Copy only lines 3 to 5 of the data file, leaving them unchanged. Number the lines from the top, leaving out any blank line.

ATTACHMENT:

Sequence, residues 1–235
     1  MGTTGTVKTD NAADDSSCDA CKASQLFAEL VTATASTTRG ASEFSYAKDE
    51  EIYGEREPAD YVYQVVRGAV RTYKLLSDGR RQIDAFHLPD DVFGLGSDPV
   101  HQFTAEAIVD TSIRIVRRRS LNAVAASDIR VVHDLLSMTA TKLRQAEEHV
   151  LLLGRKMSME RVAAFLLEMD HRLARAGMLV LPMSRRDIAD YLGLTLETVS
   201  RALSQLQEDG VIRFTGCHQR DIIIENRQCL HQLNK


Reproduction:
    51  EIYGEREPAD YVYQVVRGAV RTYKLLSDGR RQIDAFHLPD DVFGLGSDPV
   101  HQFTAEAIVD TSIRIVRRRS LNAVAASDIR VVHDLLSMTA TKLRQAEEHV
   151  LLLGRKMSME RVAAFLLEMD HRLARAGMLV LPMSRRDIAD YLGLTLETVS